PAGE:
Tell me a gender-based violence experience you have witnessed.

One time, early in the morning at around 6:30 AM I heard a woman screaming, “HE WILL KILL ME, HE WILL KILL ME” I dressed in a hurry and I rushed outside. I found a husband beating his wife with a black leather belt, at first I thought it was the guy who sells water as the whips sound similar when applied to a donkey. Looking closer I saw a woman wailing and a man hurling insults at her while beating her, as the men surrounding them watched laughing and encouraging the husband.

Our neighbor grabbed the leather belt and shouted at him to stop it. That’s when everyone left in a hurry. As a woman there was nothing I could do to stop him. I stood there and painfully watched because if I dared to interfere I would be harassed endlessly but it was painful to stand by.

Has someone been violent towards you directly?

Not physically, just verbally and mostly from men. I think for just being a woman with a job and also being a journalist is enough to warrant some form of violence here.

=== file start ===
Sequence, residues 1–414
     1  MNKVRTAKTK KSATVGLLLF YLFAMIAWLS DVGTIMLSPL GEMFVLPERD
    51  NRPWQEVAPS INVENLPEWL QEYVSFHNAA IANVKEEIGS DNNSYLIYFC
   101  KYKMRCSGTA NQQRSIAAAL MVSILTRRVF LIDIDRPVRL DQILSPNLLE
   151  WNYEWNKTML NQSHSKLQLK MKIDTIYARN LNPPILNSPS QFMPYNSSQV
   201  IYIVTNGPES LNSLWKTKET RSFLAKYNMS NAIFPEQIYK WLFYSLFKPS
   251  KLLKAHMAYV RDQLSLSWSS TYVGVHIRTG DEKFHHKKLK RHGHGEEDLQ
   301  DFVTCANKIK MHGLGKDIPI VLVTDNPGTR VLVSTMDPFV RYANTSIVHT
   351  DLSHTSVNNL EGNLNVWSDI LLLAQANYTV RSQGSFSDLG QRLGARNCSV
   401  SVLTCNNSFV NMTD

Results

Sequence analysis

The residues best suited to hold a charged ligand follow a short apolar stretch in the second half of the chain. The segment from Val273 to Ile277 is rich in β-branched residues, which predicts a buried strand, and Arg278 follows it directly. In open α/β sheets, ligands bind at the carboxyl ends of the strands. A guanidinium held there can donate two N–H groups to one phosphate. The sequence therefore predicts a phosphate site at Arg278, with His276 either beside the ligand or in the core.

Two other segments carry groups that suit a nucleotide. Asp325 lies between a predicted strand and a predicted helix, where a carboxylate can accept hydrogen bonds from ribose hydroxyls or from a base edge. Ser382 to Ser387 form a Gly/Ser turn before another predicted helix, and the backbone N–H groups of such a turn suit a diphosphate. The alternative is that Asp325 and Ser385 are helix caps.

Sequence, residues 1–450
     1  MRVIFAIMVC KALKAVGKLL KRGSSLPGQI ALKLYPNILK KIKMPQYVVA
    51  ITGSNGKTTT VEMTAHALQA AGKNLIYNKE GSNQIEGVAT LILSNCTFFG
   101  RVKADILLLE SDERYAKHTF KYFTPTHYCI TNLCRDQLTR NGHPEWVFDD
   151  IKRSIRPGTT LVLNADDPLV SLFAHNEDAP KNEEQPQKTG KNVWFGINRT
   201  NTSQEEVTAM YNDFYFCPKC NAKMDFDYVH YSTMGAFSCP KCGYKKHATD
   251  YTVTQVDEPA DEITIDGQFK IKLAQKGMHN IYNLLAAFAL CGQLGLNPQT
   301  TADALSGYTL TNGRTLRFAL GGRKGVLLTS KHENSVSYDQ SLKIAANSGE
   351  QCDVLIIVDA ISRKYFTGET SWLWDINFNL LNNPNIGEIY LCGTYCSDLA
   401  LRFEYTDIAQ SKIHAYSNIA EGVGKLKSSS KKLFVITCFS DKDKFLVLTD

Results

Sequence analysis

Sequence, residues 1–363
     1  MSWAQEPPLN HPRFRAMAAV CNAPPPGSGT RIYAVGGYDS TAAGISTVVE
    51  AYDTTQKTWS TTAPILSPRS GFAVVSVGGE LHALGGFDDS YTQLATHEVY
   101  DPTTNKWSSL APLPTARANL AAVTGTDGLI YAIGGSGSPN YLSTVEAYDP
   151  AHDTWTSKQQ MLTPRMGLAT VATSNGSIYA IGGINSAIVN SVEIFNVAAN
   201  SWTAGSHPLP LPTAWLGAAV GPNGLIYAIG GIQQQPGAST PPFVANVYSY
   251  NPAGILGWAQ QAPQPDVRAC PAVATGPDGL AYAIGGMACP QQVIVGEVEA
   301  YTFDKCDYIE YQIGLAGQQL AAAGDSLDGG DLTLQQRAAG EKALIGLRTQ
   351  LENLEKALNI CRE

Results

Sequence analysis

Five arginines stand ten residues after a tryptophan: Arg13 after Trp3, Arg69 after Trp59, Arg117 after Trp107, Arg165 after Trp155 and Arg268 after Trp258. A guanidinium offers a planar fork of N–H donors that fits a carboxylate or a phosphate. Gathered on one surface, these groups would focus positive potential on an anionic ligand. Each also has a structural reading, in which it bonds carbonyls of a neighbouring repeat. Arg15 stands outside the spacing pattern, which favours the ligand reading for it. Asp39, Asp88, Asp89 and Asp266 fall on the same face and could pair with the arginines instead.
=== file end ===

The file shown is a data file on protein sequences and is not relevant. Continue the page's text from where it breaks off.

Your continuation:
Most of your work is based on human rights and transparency issues and South Sudan, why is that?

I am a woman and most of the cases concerning human rights violations involve women being abused in one way or another. Not many people want to talk about these issues but they need to be told openly to the world.

Underage girls and women who are gang raped need someone to tell their stories to, even if it’s anonymously. I had a case where a girl had been brought to the hospital by the Bishop. She had been gang-raped; her clothes were soiled and bloody. Her body was swollen; she was crying and was inconsolable. I was so angry and bitter with the world. If I was alone I might have punched the air to release the tension but I remained calm because I had to do the story and give that girl strength.